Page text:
How to record a 6+ hour radio broadcast..

Discussion in 'Archived Threads 2001-2004' started by DaveMcS, Feb 8, 2002.

  1. DaveMcS

    DaveMcS Second Unit

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    the Offical radio affliate of the New England Patriots is rebroadcasting their coverage of the SuperBowl complete with halftime show and post game coverage. This will end up running 6 or more hours (maybe)

    Any ideas on how to record this with either a PC..or some other HT unit?

    I was thinking of running a line out from the tuner (receiver) to the audio in jacks on our VCR and simply taping the audio on a VHS cassette. If I run it on SLP I should get close to the whole broadcast.

    Then maybe take it to a local "dubber" and have them runa DVD copy for in sometime in the future...but that's a topic for another thread.

    Can anyone think of another way to record this?

    Thanks

    Dave
     
  2. Neil Joseph

    Neil Joseph Lead Actor

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    Using your VCR is a viable and good solution because you can have up to 8 hours, plus, if your VCR is a 4 head hi-fi unit, the audio quality would be pretty good. Go for it.
     
  3. Ted Lee

    Ted Lee Lead Actor

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    i second the vhs option.

    it'll be quick and easy to do, plus you'll get 8hrs of near cd-quality (if you've got a hi-fi vcr).

    i used to make party-mixes onto vhs...sound quality was really good.
     
  4. Marc Rochkind

    Marc Rochkind Second Unit

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    The VCR ideas are good, but it's also easy to do it with a PC. Music players like MusicMatch Jukebox have the ability to record form the line-in jack, which is on the back of nearly all PCs. It's usually one of three jacks that go together (speakers/headphone out, line in, microphone in).

    Find a radio with a phono jack output. If it's stereo, get a Y-connector from Radio Shack. The PC's input won't be a phono jack, but a mini plug. Radio Shack has the right kind of cable or adapter for that, too.

    Then start up the recording software, and you're set, as long as you have enough disk space.

    Some programs can convert to MP3 on the fly, which is a good idea for this sort of material.
     
  5. Vince Maskeeper

    Vince Maskeeper Producer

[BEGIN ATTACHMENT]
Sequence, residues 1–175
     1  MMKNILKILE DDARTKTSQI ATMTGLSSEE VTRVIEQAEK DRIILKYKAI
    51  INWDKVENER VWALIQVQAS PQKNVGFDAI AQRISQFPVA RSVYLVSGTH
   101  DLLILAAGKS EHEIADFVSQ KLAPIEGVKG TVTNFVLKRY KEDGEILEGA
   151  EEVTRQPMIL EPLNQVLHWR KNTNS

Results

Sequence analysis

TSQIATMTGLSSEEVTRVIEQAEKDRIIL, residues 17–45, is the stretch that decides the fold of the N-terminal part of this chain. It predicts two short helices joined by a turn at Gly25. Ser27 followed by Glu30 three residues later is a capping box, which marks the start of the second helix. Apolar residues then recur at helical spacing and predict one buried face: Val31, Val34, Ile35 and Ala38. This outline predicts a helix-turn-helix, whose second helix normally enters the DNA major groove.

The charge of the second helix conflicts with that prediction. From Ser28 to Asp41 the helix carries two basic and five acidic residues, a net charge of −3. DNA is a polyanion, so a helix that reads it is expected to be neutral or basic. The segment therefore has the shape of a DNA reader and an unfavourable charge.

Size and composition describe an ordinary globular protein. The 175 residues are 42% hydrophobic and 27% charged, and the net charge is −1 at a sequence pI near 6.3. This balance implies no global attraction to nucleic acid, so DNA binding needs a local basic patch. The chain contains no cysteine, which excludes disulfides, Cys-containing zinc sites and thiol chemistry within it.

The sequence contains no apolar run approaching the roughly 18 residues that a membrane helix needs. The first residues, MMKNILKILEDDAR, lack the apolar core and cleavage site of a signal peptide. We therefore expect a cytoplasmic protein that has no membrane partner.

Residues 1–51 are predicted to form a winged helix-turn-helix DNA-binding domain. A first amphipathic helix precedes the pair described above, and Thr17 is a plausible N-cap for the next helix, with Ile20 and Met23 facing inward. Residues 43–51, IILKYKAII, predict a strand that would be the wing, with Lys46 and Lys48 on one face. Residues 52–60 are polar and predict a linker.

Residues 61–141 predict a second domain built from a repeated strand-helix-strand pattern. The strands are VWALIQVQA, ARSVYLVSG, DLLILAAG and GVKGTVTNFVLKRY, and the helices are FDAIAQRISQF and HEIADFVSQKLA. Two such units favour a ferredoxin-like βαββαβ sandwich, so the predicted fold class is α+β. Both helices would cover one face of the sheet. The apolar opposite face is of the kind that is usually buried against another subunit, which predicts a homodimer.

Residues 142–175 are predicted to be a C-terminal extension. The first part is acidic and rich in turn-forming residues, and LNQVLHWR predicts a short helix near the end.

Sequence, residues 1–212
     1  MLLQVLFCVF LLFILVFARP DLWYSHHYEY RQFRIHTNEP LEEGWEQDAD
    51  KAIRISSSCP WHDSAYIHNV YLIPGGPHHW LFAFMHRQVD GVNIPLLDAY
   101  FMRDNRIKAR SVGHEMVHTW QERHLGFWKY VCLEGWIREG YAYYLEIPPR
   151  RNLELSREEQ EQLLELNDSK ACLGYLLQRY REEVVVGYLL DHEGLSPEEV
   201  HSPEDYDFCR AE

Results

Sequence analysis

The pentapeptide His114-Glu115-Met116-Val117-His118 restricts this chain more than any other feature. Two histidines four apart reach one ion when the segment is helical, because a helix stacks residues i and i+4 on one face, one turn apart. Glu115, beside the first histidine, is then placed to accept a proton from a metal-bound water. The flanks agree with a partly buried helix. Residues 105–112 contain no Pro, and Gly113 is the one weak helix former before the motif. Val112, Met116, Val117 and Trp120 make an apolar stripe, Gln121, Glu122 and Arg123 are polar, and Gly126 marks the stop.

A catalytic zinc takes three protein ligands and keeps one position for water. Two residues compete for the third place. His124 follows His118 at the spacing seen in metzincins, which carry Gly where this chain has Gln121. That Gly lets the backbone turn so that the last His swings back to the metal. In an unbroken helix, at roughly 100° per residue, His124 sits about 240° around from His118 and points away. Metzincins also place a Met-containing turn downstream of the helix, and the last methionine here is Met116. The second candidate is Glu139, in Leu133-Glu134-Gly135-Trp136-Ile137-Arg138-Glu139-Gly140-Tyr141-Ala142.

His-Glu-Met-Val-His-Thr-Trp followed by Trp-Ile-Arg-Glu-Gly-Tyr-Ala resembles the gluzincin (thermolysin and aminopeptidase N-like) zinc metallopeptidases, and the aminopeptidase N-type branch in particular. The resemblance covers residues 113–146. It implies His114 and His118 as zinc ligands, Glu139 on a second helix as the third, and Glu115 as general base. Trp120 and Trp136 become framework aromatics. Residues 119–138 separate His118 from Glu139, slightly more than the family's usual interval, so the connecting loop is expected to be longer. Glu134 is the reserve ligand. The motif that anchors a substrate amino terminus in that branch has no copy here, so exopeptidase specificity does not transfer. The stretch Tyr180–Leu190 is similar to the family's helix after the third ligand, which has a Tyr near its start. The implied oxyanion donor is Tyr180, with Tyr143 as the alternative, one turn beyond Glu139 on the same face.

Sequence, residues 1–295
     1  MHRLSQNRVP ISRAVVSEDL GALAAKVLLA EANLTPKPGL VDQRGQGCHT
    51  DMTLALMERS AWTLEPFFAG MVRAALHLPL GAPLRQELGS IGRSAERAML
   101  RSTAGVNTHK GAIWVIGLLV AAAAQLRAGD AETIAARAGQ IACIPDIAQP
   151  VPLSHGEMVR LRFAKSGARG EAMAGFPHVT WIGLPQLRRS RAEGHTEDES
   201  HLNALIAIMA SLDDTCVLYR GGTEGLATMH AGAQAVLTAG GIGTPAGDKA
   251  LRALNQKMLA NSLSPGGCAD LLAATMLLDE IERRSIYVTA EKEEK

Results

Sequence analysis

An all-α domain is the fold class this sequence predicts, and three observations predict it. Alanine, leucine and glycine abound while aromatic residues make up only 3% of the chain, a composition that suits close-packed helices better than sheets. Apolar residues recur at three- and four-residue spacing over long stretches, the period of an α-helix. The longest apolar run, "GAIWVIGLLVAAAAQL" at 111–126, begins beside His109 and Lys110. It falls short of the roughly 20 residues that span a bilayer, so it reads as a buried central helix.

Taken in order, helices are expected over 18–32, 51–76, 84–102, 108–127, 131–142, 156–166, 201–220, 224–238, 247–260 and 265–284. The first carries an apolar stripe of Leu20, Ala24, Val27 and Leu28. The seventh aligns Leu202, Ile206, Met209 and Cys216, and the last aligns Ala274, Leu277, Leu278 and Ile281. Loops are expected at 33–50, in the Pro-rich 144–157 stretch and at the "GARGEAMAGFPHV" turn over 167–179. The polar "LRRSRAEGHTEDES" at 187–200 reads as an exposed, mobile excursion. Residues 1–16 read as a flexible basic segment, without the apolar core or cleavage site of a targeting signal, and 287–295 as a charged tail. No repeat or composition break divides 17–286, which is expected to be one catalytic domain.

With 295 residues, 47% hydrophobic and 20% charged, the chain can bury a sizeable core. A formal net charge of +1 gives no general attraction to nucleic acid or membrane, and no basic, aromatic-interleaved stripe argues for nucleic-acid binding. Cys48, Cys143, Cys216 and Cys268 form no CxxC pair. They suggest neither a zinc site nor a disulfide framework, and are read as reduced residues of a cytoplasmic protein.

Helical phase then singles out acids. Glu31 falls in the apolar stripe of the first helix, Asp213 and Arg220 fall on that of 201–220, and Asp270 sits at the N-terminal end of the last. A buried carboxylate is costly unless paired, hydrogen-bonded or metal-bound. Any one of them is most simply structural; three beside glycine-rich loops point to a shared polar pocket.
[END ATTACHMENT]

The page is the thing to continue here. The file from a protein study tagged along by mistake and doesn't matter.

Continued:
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    Careful with PC... 7 hours of PCM audio would probably weigh in at 5 gigs- and FAT32 has a 4 gig filesize limit. You;d have to be on NTFS in order to have it work. Not to mention, converting to MP3 might take forever if you did it as one giant file.

    Some can record to MP3 on the fly, be even so it is pretty processor intensive- so you will be running high CPU cycles for 7 solid hours- in WIN98 I'd expect a crash.

    I would recommend VHS- and then you could dump it to MP3 cdr later, in sections if you wanted to.

    -Vince
     
  6. Jeff Bamberger

    Jeff Bamberger Second Unit

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    VHS can work fine. I have found, though, with older VCRs you may need to have the TV on so the VCR can track properly. I had a problem with that many years ago on an older VCR.
    That said, do you have a TiVO? I have heard some people have fed their A/V outputs into the TiVO to record radio.....
    Or this:
    http://www.amazon.com/exec/obidos/ASIN/B00005T7G1/qid%3D1013199867/ref%3Dsr%5F11%5F0%5F1/002-3708470-0770402
    of course that's no good if what you are trying to do is get Gil Santos' call of the game......
     
  7. Kimmo Jaskari

    Kimmo Jaskari Screenwriter

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    Hmm, I wonder if it actually would take all that long to compress a 5 gig sound file to MP3...
    Just compressing one CD is 640 MB or so of data and that doesn't take very long at all. I mean, relatively speaking.
    Does MP3 have any size limitations, anyone know?
    I wouldn't try it on any non-Win NT/2K/XP system though if in the windows world. I would also use a serious wave file handling program instead of the built-in stuff like that voice recorder joke. [​IMG] CoolEdit perhaps.
     

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